Last Updated on May 6, 2015, by eNotes Editorial. Word Count: 2015
"The Ice Palace"
A deep sense of place plays the key role in this tale, with the principal conflict developing between the warm and "soft" South and the cold and harsh North. The two principal characters, Sally Carrol Happer (in typical Southern fashion, always addressed by her first two names by her friends) and Harry Bellamy, probably represent Zelda Fitzgerald (from Montgomery, Alabama) and Fitzgerald himself (from St. Paul). The plot is simply the story of how these young people, affianced at the opening of the story, fall out over the clash between their home grounds.
A visit to St. Paul, which is the unnamed city where Harry lives, by Sally Carrol (from Tarleton, Georgia) creates the rift. Even before she leaves for the visit, her friend Clark says, "Don't marry a Yankee, Sally Carrol. We need you round here." This urging sets the tone for the rest of the text. It is emphasized by Harry's ill-thought ejaculation, "Those damn Southerners!" — a remark whose humor escapes Sally Carrol and which irritates her.
The climax of the plot develops when Harry insists on taking Sally Carrol through a large ice structure (of which there was one in St. Paul in earlier times), where she becomes lost, frightened, and finally near collapse. She cannot wait to return home, where she is finally heard (in a fine piece of dialogue) speaking with Clark while eating: "What you doin'?" She blissfully replies, "Eatin' green peach. 'Spect to die any minute." She is home, and she is happy.
The theme of what could be termed a geographical/cultural conflict is represented not only by the plot but also by Fitzgerald's fine depiction of two key scenes. The first is in a cemetery filled with the graves of Confederate soldiers, a place where Sally Carrol tenderly feels her Southern heritage (also a scene reminiscent of the one in Henry James's The Bostonians, 1886, in which a Civil War memorial is visited by the two main characters). The other is the depiction of St. Paul in the winter and, especially, the imposing but (at least to Sally Carrol) forbidding edifice of ice. Seldom in a work of short fiction has the ambience of place been so clearly and forcefully set forth — perhaps, as is often the case, the intensity of the clash derives from the author's personal experience with these two areas.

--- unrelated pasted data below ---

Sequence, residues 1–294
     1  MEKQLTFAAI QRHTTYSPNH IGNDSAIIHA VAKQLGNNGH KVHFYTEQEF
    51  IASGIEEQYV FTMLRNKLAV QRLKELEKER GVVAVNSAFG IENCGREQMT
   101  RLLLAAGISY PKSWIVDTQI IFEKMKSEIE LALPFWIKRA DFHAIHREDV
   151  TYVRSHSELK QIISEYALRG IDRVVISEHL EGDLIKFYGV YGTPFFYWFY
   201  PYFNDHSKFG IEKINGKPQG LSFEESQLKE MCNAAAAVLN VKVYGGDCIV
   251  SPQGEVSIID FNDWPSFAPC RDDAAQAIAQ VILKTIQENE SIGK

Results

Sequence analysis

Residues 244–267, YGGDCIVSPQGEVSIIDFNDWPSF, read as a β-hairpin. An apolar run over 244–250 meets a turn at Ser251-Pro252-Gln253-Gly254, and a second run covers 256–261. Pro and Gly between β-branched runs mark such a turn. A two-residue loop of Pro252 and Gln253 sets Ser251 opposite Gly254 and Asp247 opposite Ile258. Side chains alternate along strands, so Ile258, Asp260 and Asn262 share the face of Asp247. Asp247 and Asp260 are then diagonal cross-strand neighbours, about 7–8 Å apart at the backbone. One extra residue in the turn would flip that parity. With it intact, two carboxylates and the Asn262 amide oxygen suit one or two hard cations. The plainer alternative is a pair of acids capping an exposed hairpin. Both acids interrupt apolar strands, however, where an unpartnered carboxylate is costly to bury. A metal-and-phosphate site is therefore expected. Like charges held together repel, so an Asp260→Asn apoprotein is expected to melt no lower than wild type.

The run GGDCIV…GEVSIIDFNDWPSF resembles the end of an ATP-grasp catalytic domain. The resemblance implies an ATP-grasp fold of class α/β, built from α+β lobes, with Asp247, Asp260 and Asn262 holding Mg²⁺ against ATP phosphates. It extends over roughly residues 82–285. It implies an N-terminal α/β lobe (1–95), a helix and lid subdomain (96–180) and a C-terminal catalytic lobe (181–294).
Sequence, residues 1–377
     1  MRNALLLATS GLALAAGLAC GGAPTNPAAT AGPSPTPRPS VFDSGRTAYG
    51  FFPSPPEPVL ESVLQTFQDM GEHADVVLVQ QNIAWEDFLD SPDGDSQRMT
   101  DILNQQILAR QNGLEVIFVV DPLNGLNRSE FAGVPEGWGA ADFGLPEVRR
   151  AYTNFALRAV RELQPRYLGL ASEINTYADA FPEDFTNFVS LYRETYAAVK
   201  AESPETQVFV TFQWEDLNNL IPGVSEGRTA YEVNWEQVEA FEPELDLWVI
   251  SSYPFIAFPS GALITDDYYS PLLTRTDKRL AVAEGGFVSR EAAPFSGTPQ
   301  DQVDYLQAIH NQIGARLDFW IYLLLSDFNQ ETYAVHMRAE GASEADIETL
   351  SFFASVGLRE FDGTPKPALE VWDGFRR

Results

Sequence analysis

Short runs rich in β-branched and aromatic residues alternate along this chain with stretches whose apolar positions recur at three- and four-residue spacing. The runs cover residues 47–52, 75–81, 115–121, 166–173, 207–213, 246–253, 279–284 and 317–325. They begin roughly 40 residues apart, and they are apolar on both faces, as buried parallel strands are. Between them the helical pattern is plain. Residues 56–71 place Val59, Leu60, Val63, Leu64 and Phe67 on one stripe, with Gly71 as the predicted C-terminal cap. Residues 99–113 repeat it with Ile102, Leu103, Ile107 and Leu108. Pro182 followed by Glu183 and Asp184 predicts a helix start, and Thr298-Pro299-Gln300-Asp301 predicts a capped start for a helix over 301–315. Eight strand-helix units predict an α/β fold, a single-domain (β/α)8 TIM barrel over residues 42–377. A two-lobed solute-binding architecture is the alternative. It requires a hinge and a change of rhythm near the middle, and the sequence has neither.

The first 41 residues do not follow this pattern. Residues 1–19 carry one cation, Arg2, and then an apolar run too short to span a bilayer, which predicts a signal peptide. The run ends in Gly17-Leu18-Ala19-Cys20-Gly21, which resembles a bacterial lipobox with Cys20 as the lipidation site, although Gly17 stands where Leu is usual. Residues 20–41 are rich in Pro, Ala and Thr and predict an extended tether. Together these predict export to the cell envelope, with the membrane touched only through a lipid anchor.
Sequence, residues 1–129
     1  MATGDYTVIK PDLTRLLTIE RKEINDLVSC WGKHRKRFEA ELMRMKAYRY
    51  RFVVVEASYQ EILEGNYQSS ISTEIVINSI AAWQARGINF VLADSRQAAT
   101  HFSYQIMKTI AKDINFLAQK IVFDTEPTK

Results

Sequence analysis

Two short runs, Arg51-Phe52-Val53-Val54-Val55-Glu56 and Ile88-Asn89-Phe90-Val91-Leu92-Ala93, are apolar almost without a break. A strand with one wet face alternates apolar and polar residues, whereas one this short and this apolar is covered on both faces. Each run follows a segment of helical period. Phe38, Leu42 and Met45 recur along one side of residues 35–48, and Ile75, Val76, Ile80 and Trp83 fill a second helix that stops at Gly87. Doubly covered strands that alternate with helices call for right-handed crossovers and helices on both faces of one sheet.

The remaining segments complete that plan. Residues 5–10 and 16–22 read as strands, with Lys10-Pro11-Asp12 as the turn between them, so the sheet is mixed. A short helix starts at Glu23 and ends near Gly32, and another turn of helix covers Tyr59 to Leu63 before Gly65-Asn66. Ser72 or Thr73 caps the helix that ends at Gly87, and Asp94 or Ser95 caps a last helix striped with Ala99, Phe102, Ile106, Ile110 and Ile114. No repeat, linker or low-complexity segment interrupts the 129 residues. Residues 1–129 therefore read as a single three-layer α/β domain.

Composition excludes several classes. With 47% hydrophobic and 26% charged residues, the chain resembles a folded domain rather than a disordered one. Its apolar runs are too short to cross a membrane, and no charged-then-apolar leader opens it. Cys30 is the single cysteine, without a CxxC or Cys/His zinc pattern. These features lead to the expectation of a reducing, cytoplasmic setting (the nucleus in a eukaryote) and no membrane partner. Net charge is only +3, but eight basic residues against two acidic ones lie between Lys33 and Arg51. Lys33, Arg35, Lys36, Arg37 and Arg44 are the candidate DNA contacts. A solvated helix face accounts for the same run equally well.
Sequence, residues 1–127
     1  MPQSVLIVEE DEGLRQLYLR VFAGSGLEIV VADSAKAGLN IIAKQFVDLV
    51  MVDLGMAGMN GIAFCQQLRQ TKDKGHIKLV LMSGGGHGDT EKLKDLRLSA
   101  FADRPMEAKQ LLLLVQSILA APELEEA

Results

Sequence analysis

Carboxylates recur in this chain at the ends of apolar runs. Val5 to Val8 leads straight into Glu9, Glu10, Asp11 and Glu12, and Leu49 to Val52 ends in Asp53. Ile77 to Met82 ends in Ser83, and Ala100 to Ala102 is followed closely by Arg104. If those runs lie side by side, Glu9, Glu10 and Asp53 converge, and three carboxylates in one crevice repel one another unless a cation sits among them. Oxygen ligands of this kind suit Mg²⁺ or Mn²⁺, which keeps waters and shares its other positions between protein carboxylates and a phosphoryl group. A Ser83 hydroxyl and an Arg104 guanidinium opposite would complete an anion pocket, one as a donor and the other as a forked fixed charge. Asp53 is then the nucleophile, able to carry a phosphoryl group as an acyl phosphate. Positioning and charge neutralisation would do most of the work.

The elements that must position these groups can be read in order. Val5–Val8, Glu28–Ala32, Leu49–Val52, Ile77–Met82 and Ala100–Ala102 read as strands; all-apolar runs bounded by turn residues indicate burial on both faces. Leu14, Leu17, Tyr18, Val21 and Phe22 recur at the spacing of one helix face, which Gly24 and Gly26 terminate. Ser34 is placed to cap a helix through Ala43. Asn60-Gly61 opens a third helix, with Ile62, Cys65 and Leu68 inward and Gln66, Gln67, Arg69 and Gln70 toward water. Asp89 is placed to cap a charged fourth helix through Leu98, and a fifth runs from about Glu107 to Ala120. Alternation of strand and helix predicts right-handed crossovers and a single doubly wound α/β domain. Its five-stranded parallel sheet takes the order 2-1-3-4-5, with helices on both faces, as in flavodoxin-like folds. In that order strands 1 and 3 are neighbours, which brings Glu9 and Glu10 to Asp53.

Like many of Fitzgerald's stories, this one (perhaps the most grim of the early tales) is divided into sections. In this case, there are eleven of them, adding to the episodic effect of the piece, which some critics find a negative quality. However, Fitzgerald said that his intention was to capture the atmosphere of the events of the spring of 1919 and of the postwar "hysteria" that emerged then, particularly in New York, the setting of the story.
Arthur Mizener believes this tale to be an "impressionistic" one, and the diversified sets of characters supports this judgment. The plot does have the unity of time; all the events take place within one day. However, the actions of the character groups are unrelated except for chance encounters (sometimes in coincidental form that is difficult to accept as realistic). In this long story (almost reaching the length of a novella), the principal groups are Gordon Sterrett and Philip Dean, two former friends and classmates at college; the recently mustered out veterans Carroll Key and Gus Rose (some critics, like Jeffrey Meyers, comment on the choice of names by Fitzgerald, to the effect that he selected names of people he knew — or, as in the case of Key, his own name — and even chose a title that puns on the term for a call for aid; such speculation is interesting and may be valid); the grasping Jewel Hudson, who is, in effect, blackmailing Gordon Sterrett, and Edith Bradin, a former girlfriend who still likes Gordon; and a group of minor characters who help to advance the plot and react with the main personages.